Flinders Ranges Things to Do

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Most Recent Things to Do in Flinders Ranges

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    LOOKOUT ON THE LEIGH CREEK ROAD

    by balhannah Written Jun 6, 2012

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    Coming out of the Moralana scenic drive, we turn left onto the Leigh Creek road. Just a little way down the road, was a Brown tourist sign with a camera on it, this means a good viewpoint, so in we pulled to the parking area on the RH side of the road.
    Well what a wonderful view we had of the Flinders Ranges, it was fantastic!
    There were information boards, showing and naming which Mountains we were seeing.
    A stone cairn commemorating the Overland Telegraph line is also at the lookout point.

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    MORALANA SCENIC DRIVE

    by balhannah Written Jun 6, 2012

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    Quoted as being one of the most scenic drives in the Flinders Ranges....I totally agree!

    The dirt road leads through private property, coming out on the Leigh creek road. It is suitable most of the year for 2WD cars.
    At the start, we crossed over a Cattle grid, this keeps the Cattle in the property, and we don't have to open and shut a gate. Cattle along the way are grazing freely, so be careful if you come across some on the road.
    The scenery along this road is stunning! If I was driving, I would have been stopping a lot more for photos! We drove along this road, often following a river with many river red gums on the LH side, and following the southern wall of Wilpena Pound, seeing Red Range, Elder Range and more on the RH Side.

    The drive is a must for all those who visit the Flinders and is best east to west in the morning and west to east in the afternoon if you can possibly do this.

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    SAD STORY OF THE TOWN OF "WILSON"

    by balhannah Updated Jun 5, 2012

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    Wilson was once a town of around 100 people who had come here after a decade of excellent rains and many good seasons during the 1870s.
    These farmers ignored Goyder's Line, believing the good seasons would continue. The influx of people caused the government to resume pastoral leases and re-survey and subdivide them for agricultural blocks and new towns to service them.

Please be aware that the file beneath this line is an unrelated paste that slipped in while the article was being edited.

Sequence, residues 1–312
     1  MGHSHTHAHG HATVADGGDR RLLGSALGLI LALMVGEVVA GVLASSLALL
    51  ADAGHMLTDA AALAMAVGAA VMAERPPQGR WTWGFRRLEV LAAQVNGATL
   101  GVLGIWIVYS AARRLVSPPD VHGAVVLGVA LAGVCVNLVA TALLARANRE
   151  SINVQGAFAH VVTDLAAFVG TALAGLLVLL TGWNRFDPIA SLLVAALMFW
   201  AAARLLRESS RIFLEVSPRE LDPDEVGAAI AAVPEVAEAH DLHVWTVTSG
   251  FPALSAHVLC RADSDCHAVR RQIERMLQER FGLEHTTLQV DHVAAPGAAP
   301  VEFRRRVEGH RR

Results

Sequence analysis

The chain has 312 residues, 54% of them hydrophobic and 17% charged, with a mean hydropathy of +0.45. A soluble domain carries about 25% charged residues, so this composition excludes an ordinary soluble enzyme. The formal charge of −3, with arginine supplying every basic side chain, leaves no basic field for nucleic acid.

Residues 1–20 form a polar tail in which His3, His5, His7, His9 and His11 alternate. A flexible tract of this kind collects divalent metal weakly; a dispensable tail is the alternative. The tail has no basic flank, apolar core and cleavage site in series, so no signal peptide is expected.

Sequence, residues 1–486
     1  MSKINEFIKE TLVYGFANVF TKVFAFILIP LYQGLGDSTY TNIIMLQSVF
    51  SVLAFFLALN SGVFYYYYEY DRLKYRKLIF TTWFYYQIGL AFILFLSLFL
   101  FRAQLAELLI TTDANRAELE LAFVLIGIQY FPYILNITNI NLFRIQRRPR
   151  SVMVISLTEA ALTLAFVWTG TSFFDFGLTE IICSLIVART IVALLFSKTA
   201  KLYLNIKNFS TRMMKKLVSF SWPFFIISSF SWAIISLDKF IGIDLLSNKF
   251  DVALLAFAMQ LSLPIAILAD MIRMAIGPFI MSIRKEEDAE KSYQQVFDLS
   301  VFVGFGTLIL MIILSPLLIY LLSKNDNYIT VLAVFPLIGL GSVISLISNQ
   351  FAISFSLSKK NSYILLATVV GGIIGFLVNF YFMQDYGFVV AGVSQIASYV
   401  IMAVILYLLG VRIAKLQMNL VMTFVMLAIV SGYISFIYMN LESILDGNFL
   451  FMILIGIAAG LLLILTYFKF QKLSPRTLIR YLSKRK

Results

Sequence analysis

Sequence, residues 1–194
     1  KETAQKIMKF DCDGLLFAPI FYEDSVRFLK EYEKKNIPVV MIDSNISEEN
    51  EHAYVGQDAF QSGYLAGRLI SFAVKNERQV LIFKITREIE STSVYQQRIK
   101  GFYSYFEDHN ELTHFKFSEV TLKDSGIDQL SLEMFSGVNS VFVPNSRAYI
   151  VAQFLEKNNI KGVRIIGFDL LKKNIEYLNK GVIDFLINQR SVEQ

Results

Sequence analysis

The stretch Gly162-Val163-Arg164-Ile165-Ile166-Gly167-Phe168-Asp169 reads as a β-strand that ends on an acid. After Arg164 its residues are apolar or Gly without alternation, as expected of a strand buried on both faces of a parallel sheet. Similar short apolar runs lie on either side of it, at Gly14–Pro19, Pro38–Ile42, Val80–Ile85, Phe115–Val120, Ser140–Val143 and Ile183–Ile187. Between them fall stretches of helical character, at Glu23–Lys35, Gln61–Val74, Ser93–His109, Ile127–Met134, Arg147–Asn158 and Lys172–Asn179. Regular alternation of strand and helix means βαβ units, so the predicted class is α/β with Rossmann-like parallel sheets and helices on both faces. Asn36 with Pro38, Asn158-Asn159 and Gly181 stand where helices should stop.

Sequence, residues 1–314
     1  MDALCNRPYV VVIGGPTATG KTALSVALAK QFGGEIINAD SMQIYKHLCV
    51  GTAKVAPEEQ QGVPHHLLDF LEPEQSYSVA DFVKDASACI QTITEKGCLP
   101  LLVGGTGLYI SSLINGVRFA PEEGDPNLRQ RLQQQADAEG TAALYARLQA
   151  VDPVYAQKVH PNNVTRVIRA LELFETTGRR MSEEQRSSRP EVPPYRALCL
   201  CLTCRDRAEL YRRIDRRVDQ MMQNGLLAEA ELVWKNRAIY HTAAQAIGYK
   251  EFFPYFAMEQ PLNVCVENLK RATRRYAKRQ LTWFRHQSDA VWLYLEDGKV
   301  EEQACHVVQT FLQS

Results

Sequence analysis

The new town of Wilson was surveyed in 1880, on land which had previously been part of the Kanyaka pastoral run. It was considered "a waterless spot,' with 174 blocks with a railway through the centre.

    With an average rainfall of 30 centimetres a year, and hopes of more, more farmers flocked to Wilson and its surrounds to buy properties of 500 or 1,000 acres, at one pound per acre. Most ignored an important fact, there was no natural water supply.
    Two-roomed stone or weatherboard cottages were built, wheat crops sown as soon as possible. Unfortunately for the young Wilson farmers and their families, the unusual wet seasons had ended.

    Even though this setback happened, a Hotel, general store, butcher and a Wesleyan chapel were opened during 1882. A school was also conducted in the chapel with as many as 15 students attending.

    By June 1883, the railway siding was very busy moving about 3,000 tons of wheat from Wilson by rail. A number of offices, a goodshed, station master's house and additional offices and sheep yards sprang up.
    Good or poor harvests, rain, hail or earthquakes, Mouse plagues, the people of Wilson made the best of it and carried on.

    By 1933 the town population had declined to only 56 and kept on declining, with the last wheat crop being sown in 1947. The last farmer left in 1952, followed by the last resident in 1954.

    After almost 75 years, the land had beaten these poor souls who worked so hard to make a living.